Rhys R. Mendes: The Neutral Rate of Interest in Canada: "A measure of the neutral policy interest rate can be used to gauge the stance of monetary policy. We define the neutral rate as the real policy rate consistent with output at its potential level and inflation equal to target after the effects of all cyclical shocks have dissipated. This is a medium- to longer-run concept of the neutral rate. Under this definition, the neutral rate in Canada is determined by the longer-run forces that influence savings and investment in both the Canadian and global economies. Structural forces have likely reduced the neutral rate by more than a percentage point since the mid-2000s. The Bank’s estimates of the real neutral policy rate currently stand in the 1 to 2 per cent range, or 3 to 4 per cent in nominal terms. The current gap between the policy rate and the neutral rate reflects policy stimulus in response to significant excess supply and in the face of continuing headwinds. As long as these headwinds persist, a policy rate below neutral will be required to maintain inflation sustainably at target."
Should Be Aware of:
Jim Sleeper: For Yale in Singapore, It's Deja-vu All Over Again: "Once again, the liberal-arts college in Singapore to which Yale has given its name, prestige, energy, and talent finds itself dancing awkwardly with the government over a right that liberal education depends on and should foster: the right to show Pan Tin Tin's documentary film, "To Singapore With Love," which criticizes Singapore's way of turning political and artistic citizens into exiles."
Melissa Bell: Vox’s New Homepage, Explained: "Vox.com has a fancy new homepage.... We've built a homepage that's designed to link together the stories we've done over time. If the slots look unusually tall to you, that's because they are: they're designed not for one headline, but for many headlines. That way, if something happens in, say, Ukraine, we're able to offer both our newest story on the topic, but also the stories leading up to today. I'll be honest: I have no idea if this is going to work. It'll require a different type of curation and we need to build a robust taxonomy behind the scenes. And even if we get that right, there's no guarantee that readers will want to consume our stories this way. But if it doesn't work, we'll change it..."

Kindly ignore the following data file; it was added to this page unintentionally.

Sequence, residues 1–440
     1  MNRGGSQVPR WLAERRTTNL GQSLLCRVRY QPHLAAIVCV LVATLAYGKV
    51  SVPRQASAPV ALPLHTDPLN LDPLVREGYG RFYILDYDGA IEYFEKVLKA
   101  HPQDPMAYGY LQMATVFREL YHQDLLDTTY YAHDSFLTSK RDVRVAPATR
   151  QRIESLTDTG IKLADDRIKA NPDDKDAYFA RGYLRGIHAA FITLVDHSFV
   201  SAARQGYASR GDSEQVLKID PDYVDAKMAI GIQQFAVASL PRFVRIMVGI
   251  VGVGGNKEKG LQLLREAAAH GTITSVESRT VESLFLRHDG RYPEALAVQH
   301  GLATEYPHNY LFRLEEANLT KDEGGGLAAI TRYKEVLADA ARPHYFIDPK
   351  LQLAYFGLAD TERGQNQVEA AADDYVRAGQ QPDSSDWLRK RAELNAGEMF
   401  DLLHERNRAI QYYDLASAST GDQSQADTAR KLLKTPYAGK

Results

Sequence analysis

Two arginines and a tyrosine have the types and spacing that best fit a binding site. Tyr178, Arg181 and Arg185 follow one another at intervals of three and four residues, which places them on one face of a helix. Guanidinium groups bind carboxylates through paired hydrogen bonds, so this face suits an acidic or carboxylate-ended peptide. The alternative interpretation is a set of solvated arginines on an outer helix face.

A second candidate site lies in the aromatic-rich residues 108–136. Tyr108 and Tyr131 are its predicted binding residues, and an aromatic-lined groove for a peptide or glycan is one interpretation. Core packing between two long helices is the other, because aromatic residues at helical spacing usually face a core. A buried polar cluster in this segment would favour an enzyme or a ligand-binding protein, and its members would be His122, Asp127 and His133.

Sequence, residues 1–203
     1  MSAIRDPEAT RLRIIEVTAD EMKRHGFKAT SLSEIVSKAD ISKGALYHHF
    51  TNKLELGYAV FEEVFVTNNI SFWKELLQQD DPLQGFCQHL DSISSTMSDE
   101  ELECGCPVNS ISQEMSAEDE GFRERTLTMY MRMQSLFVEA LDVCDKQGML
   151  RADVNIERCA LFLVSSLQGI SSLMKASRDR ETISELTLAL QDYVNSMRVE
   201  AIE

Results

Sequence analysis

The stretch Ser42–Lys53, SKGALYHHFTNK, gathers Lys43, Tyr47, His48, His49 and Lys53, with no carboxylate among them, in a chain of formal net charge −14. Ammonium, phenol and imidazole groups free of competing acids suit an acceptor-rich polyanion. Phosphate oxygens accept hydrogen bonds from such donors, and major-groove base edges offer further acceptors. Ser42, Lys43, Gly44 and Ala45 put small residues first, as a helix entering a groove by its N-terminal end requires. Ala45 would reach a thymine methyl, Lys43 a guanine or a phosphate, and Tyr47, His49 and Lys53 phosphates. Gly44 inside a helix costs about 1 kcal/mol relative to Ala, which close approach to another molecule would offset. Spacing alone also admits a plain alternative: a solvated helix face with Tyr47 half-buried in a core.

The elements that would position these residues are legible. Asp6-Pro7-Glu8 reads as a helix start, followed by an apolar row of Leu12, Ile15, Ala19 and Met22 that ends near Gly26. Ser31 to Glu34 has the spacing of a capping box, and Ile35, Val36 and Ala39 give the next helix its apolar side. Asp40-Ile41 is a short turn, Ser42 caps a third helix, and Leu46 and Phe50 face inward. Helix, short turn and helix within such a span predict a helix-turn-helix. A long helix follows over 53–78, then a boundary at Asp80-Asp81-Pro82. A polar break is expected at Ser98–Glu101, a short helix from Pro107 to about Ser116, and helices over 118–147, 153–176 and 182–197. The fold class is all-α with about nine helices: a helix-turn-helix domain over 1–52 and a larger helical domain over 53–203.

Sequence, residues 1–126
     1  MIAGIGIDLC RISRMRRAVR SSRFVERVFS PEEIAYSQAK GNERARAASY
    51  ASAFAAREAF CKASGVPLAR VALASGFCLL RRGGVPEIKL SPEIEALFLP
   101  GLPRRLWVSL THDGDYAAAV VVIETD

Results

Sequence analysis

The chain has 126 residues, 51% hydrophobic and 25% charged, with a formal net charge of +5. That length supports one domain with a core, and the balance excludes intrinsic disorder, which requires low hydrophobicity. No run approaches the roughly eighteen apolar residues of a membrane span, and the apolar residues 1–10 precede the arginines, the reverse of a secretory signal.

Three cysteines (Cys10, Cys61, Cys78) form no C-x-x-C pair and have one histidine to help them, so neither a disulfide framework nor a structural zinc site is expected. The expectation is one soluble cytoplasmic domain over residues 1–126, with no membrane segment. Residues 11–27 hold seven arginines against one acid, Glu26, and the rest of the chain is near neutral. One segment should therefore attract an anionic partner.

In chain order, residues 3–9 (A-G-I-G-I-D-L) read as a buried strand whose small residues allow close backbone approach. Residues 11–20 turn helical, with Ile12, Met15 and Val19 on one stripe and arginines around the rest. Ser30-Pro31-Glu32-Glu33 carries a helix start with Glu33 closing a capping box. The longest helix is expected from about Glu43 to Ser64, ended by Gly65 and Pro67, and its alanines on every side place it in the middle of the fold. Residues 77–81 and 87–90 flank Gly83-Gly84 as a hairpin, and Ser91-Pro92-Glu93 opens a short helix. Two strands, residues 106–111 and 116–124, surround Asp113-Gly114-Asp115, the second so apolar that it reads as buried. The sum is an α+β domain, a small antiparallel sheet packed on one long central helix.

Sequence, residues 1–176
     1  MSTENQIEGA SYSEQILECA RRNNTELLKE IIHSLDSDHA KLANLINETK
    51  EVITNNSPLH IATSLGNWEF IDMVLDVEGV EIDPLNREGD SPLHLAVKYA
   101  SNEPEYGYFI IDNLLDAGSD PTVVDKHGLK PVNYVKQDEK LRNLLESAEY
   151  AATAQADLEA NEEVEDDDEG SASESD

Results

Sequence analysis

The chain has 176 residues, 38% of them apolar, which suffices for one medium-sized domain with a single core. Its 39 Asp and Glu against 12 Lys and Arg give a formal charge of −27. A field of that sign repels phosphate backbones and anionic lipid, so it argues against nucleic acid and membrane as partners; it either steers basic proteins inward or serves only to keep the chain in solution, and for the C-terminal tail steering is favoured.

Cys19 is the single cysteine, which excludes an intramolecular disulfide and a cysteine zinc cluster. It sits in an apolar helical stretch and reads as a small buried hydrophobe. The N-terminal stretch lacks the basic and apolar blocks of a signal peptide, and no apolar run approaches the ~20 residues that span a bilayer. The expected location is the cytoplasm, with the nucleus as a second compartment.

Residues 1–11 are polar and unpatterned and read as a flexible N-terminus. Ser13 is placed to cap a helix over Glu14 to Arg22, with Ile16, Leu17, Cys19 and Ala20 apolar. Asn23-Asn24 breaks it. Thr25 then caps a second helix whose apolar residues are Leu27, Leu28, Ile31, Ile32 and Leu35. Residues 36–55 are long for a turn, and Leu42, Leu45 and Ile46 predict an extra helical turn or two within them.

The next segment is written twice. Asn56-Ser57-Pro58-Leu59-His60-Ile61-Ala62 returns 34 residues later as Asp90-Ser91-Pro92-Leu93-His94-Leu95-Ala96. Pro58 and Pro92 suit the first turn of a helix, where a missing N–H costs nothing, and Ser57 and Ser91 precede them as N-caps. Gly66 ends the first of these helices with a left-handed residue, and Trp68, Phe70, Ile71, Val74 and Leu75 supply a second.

Ilya Shapiro: Eric Holder: Worst Attorney General Ever :: Cato @ Liberty: "With Eric Holder’s departure, the nation can begin to heal. His was the most divisive tenure of any attorney general I can recall, tearing the country apart on racial and partisan lines. From politicizing Justice Department hiring beyond the wildest accusations against the Bush administration, to running a bizarre guns-to-gangs operation that even Alberto Gonzales couldn’t have concocted, to advocating a racial spoils system at all levels of government, Holder has tarnished the nation’s highest law enforcement office more even than Nixon’s AG John Mitchell. Indeed, the main difference between Holder and Mitchell is that Holder hasn’t gone to jail (yet; the DOJ Inspector General better lock down computer systems lest Holder’s electronic files “disappear”). Of course, Holder has been cited for contempt by the House and referred to a federal prosecutor for his involvement in Fast & Furious – which referral went nowhere due to invocations of executive privilege (sound familiar?). And who knows what role he may have played in the IRS’s targeting of the administration’s political enemies (and even those who merely educate about the Constitution)? Just as bad Holder’s legal violations and contempt for the separation of powers, however, is his racialist view of the world. Like a modern-day George Wallace, Holder has called for racial preference now, racial preferences tomorrow, racial preferences forever. According to our outgoing attorney general, and the 14th Amendment, Civil Rights Act, and Voting Rights Act only protect some citizens (members of the right kinds of racial minority groups) – and should be used to extract political and financial concessions for them. Still, it must be said that Holder was a “uniter not a divider” on one front: under his reign, the Justice Department has suffered a record number of unanimous losses at the Supreme Court. In the last three terms alone, the government has suffered 13 such defeats – a rate double President Clinton’s and triple President Bush’s – in areas of law ranging from criminal procedure to property rights to securities regulation to religious freedom. By not just pushing but breaking through the envelope of plausible legal argument, Attorney General Holder has done his all to expand federal (especially executive) power and contract individual liberty beyond any constitutional recognition. Eric Holder will not be missed by those who support the rule of law."